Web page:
As embarrassing as Jones’ 122-second defeat to Danny Green was, it was nothing compared to the former pound-for-pound king, the fighter who once believed he was Superman, the guy who never had the time for press and promotion in his prime, lowering himself to wearing a Captain Hook outfit – complete with 1986 Cher wig – to sell a minor pay-per-view against Jeff Lacy. No truth to the rumor that the whole sad scene came about because a low-talker convinced Jones to wear the outfit and Roy couldn’t hear her and didn’t know what he was agreeing to.

7. Down goes Maidana! Down goes Ortiz!

It was really the “down goes Ortiz” that counts as the indelible image. In the first round of their June bout in L.A., Victor Ortiz scored a sudden knockdown of Marcos Maidana, and when action resumed, the very first punch Maidana landed floored uber-prospect Ortiz even harder. Ortiz got right up, but his body did the whole palm-tree-swaying-in-the-breeze thing as ref Raul Caiz finished the eight-count. And that set the stage for 45 seconds of pure intensity, as we wondered whether Ortiz could survive until the bell. For some, Ortiz quitting in Round 6 or saying in his postfight interview that he doesn’t “deserve to be getting beat up like this” is the more lasting moment; for me, it’s the thrilling action in the opening round.

8. Alfredo Angulo-Harry Joe Yorgey becomes the standard bearer for high-definition super slo-mo replays

As technology improves, so too does our insight into the momentary impact of a punch to the head, and with an HD camera positioned about two feet from Yorgey’s dome as he absorbed a crushing right hand from Angulo, we got about 1,080 reasons to avoid ever getting punched by a professional. We haven’t seen flesh jiggle like that since ÔǪ well, never mind, the Vitali Klitschko-Cris Arreola fight was only a few weeks earlier. Still, this was one exhilarating/revolting super-slo-mo replay.

9. One last fight for Oscar De La Hoya: fighting back tears

Last year’s No. 1 indelible image was De La Hoya helplessly taking punishment from Pacquiao in the seventh round of their fight. This year, the consequence of that one-sided fight, Oscar retiring from boxing, also makes the list. De La Hoya has always been a tough guy to read; his comments were typically so conservative and carefully calculated, it was hard to know when he was being genuine. But when he said farewell in April to the sport that made him famous, he got choked up and it definitely felt real. Good for him for getting out at just the right time – not only for himself, but also for boxing, as he waited just long enough to pass the torch to the fight game’s next great ticket seller, Pacquiao.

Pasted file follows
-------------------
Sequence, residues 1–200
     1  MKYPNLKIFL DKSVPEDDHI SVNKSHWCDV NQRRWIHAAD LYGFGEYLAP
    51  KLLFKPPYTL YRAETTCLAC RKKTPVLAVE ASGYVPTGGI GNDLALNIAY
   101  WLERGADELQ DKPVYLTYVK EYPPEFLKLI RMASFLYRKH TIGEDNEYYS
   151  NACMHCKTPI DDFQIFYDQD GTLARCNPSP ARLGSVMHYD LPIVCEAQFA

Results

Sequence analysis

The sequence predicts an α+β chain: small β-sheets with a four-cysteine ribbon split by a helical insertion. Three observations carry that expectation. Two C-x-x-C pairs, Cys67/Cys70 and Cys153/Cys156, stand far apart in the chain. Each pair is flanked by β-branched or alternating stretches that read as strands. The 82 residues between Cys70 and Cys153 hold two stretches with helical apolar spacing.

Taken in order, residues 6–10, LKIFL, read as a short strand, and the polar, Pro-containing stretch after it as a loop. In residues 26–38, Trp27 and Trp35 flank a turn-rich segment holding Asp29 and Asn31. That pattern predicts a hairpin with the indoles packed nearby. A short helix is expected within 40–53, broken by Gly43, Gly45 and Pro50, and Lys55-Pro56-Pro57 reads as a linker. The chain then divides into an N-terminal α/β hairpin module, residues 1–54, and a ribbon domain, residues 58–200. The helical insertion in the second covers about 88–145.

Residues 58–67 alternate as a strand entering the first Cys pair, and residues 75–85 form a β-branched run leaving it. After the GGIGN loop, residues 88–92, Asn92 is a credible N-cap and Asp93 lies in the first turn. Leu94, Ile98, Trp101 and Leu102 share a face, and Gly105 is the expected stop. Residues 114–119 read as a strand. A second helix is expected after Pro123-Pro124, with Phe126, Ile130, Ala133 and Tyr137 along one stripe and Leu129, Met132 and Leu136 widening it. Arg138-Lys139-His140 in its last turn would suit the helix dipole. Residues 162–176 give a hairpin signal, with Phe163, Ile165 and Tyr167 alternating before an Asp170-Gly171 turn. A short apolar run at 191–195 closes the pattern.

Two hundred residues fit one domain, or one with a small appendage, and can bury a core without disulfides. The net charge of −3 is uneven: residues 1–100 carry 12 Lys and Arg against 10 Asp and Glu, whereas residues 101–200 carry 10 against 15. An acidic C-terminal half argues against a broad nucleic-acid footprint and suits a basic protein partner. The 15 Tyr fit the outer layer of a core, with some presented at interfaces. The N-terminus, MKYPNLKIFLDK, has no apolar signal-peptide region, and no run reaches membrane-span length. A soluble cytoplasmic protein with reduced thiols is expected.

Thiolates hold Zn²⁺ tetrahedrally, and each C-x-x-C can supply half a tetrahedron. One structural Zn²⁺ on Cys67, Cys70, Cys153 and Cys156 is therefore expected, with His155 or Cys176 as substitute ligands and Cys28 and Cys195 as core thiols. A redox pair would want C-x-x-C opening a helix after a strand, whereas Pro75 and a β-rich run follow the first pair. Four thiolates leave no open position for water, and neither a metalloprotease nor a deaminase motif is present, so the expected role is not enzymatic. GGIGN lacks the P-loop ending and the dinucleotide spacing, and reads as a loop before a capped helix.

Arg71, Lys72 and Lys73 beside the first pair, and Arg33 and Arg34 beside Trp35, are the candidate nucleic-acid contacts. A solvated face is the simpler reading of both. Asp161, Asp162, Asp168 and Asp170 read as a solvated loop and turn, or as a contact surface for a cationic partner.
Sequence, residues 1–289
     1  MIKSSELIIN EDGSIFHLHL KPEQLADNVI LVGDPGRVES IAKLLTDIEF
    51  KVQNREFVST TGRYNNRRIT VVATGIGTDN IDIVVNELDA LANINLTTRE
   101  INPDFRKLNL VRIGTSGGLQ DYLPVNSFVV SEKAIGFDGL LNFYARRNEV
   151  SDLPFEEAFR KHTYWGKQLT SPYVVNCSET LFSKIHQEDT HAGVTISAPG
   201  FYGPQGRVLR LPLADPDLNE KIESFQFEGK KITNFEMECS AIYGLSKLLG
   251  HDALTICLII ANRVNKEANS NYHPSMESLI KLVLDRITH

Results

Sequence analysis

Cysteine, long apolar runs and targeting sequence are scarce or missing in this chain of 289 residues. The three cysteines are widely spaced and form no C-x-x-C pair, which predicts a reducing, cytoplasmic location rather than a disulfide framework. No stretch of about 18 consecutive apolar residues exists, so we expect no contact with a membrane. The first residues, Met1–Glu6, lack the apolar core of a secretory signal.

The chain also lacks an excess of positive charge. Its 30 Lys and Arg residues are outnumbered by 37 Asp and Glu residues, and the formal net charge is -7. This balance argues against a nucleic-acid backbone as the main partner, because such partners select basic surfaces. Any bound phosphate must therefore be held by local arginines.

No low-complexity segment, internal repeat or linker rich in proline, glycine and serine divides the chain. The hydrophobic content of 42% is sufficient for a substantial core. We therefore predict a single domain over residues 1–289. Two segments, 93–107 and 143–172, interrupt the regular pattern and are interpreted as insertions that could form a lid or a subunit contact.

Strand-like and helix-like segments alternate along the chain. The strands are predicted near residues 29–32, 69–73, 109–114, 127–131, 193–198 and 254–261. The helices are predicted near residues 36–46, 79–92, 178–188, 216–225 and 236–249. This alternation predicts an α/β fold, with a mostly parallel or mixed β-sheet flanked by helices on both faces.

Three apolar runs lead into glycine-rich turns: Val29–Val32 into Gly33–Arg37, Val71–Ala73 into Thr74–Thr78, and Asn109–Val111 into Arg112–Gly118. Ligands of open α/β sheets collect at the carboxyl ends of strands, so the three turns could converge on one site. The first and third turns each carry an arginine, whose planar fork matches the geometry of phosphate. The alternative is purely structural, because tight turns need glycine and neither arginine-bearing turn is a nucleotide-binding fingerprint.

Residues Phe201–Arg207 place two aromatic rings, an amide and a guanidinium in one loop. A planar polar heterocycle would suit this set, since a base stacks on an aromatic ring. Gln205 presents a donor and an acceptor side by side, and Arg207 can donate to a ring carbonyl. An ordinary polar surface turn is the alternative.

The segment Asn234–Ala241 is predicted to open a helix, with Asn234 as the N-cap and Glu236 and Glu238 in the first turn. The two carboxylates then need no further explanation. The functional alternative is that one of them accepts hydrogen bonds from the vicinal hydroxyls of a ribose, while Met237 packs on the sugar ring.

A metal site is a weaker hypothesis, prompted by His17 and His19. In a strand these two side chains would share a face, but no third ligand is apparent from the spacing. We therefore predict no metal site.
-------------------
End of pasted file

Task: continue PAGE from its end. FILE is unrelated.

10. Marco Antonio Barrera shows a little age and a lot of blood

You could almost see the second thoughts spurting out of Barrera’s head right along with the crimson geyser when a head clash left him with a hideous cut near his hairline against Amir Khan in Manchester, England. Barrera had turned 35 a couple of months earlier. He’d been retired as of a few months before that. He thought a fight with the much younger, much bigger Khan was his ticket to one last championship run, but the bout turned into a bloody disaster in the very first round. Barrera never stopped trying, and in that sense, if he never fights again, this isn’t the worst image to leave us with. But it was still a sad – and gory – sight to see the once-magnificent Barrera turned into just another stepping stone for a young fighter.


ÔÇó Every ring doctor who’s ever stopped a fight immediately after a bad cut occurs should be forced to watch a tape of the Nehomar Cermeno-Alejandro Valdez fight. Unless the blood is spurting a foot in the air or the guy’s eyeball is hanging out, if he wants to continue and is remotely competitive in the fight, you give his corner at least one rest period to work on the cut. The opening-round gash on Valdez’ eyelid looked disastrous at first, but once his cutman was given 60 seconds to control it, it never became an issue again.

ÔÇó I found it interesting that commentator Raul Marquez kept calling Jesus Chavez’s desperate, dirty, full-body sling that pitched Humberto Soto headfirst through the ropes “a veteran move.” Rumor has it that Marquez called Kermit Washington’s haymaker to Rudy Tomjanovich’s jaw “a clever tactical decision” and he termed Roger Clemens chucking a splintered bat at Mike Piazza “calculated brilliance borne of wisdom and experience.”

ÔÇó Separated at birth: Referee Mark Nelson and actor Paul Giamatti. Also separated at birth: Nelson’s trigger finger and Wild Bill Hickok’s.

Eric Raskin can be reached at [email protected]